Investigating the paleoenvironment and characteristics of source rocks in sedimentary basins is crucial for understanding organic matter accumulation and guiding hydrocarbon exploration. The Lishui Sag, a significant hydrocarbon-bearing depression in the East China Sea, has experienced extensive marine transgression and increasing salinity in [...] Read more.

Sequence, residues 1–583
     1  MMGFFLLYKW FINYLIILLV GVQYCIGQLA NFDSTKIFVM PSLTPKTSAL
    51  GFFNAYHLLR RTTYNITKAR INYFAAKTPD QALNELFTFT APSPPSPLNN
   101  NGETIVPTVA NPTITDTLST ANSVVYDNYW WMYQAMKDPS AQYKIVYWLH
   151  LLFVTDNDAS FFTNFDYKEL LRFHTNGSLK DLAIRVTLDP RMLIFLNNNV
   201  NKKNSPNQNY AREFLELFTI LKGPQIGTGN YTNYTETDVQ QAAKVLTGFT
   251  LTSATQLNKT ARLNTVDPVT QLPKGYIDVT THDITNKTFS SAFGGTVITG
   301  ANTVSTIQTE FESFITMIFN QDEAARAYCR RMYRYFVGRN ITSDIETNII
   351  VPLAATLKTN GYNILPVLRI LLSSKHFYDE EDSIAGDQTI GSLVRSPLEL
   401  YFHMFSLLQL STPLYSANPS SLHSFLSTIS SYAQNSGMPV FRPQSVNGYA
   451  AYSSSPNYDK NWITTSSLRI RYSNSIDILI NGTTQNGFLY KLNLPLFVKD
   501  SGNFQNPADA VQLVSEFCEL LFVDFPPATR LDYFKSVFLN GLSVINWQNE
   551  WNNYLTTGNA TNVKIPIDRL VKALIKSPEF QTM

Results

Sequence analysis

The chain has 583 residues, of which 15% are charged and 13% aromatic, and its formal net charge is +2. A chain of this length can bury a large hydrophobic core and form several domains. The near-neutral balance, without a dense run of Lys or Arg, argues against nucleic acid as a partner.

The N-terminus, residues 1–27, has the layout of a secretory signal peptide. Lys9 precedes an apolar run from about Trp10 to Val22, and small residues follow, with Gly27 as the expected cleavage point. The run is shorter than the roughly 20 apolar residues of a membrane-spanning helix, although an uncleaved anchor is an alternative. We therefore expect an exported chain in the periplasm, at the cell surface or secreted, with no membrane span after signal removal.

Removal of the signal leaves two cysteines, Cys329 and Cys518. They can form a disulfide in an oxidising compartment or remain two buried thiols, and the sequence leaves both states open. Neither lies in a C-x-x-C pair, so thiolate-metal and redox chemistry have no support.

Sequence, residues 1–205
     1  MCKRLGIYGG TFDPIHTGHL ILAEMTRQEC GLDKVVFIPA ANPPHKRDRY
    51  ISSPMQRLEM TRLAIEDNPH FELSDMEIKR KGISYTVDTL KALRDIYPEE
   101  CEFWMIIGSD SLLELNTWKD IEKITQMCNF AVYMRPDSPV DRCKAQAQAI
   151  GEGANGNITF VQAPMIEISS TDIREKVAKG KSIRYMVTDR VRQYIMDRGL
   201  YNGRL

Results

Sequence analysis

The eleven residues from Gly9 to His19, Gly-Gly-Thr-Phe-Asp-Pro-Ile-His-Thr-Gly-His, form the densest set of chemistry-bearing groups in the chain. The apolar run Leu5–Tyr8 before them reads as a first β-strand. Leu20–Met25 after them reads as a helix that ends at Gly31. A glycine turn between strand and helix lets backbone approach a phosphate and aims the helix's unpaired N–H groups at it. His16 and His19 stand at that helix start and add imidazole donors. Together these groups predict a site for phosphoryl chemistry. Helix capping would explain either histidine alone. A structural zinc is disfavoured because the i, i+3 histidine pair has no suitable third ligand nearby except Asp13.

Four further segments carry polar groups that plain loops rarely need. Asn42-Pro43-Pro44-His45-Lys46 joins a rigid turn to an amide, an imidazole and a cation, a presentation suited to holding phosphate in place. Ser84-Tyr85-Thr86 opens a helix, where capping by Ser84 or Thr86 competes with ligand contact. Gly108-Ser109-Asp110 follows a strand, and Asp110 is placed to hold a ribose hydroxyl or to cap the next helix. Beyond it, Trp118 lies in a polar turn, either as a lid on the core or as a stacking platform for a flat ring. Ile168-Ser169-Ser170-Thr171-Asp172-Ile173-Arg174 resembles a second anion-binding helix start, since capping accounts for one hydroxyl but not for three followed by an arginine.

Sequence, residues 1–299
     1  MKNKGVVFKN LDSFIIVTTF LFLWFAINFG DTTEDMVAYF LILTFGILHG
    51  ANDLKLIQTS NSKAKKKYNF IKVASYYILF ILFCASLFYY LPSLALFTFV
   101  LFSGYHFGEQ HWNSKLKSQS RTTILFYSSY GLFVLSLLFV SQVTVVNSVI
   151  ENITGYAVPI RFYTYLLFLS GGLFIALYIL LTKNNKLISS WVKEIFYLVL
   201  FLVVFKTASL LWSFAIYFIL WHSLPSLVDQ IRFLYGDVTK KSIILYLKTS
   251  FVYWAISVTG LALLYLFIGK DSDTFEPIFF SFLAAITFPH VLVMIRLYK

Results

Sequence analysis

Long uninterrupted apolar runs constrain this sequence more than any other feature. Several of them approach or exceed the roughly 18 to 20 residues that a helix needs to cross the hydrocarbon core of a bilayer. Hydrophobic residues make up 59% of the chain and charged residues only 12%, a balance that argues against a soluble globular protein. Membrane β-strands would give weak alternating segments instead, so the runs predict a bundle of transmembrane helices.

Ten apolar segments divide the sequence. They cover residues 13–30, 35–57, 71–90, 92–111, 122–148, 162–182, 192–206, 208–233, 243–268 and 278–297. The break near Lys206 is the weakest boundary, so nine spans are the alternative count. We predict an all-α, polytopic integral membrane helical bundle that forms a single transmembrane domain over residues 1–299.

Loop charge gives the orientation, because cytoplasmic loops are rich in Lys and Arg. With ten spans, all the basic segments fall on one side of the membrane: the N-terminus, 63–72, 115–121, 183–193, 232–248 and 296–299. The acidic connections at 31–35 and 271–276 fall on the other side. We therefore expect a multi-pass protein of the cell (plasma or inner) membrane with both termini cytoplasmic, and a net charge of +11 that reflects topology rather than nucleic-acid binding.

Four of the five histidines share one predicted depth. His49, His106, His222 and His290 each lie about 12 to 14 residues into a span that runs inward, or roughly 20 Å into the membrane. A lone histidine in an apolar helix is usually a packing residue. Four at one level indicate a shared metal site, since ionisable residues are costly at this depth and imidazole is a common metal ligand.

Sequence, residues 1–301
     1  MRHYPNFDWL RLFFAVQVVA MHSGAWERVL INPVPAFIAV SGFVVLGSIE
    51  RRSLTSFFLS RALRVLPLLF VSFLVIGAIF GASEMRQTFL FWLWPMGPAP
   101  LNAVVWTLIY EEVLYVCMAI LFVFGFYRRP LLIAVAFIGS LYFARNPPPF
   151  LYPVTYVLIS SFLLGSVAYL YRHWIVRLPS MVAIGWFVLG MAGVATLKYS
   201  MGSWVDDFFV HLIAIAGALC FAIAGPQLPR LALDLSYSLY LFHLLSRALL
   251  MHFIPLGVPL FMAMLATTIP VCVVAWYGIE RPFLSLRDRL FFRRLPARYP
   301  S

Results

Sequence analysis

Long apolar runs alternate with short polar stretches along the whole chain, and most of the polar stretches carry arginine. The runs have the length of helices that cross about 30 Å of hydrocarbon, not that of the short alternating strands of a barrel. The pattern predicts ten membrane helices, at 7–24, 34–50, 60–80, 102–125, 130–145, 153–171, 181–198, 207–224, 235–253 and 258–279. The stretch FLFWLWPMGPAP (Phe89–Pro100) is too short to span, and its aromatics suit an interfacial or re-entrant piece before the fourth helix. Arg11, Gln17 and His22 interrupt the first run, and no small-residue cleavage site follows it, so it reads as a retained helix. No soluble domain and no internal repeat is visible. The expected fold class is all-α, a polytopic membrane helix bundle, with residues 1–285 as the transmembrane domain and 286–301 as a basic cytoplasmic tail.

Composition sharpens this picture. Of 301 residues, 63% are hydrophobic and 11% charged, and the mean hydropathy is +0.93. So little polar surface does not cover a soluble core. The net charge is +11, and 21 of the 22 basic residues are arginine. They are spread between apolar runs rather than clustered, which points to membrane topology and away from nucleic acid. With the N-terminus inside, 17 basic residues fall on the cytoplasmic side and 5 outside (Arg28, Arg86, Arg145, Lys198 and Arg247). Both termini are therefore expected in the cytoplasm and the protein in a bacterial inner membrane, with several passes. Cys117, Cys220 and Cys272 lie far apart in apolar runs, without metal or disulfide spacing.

Investigating the paleoenvironment and characteristics of source rocks in sedimentary basins is crucial for understanding organic matter accumulation and guiding hydrocarbon exploration. The Lishui Sag, a significant hydrocarbon-bearing depression in the East China Sea, has experienced extensive marine transgression and increasing salinity in the Paleocene, but the changes in accumulation factors of organic matter during this evolution process remain unclear. Through a comprehensive analysis of total organic carbon (TOC), major and trace elements, and biomarker data, this study investigates the characteristics of source rocks from two lithostratigraphic units, namely the Paleocene Yueguifeng and Lingfeng formations, to gain deep insight into the effects of paleoenvironment on organic matter accumulation and hydrocarbon distribution. Our results indicate that the Lishui Sag transitioned from a closed lake to an open-marine environment in the Paleocene, with a shift from warm-humid to arid climate conditions. The biomarker distribution suggests a change in the origin of organic matter, with a higher input of terrestrial organic matter in the Lingfeng Formation. During the early stage, the lacustrine source rocks in the lower Yueguifeng Formation were formed in a relatively humid and anoxic environment within brackish water, resulting in a substantial influx of terrestrial and lacustrine algae organic matter. In contrast, in the late stage, the marine source rocks in the overlying Lingfeng Formation were developed in an arid and oxidizing environment. The lacustrine source rocks in the Yueguifeng Formation were notably more favorable to developing good-quality source rocks. Compared with the other regions, the western and northeastern parts of the study area have greater hydrocarbon generation potential due to the wider distribution of high maturity and organic-rich source rocks, with higher terrestrial and algal organic matter input. Moreover, considering the practical circumstances in the exploration, the northeastern part of the Lishui Sag is recommended as the next exploration target zone. Full article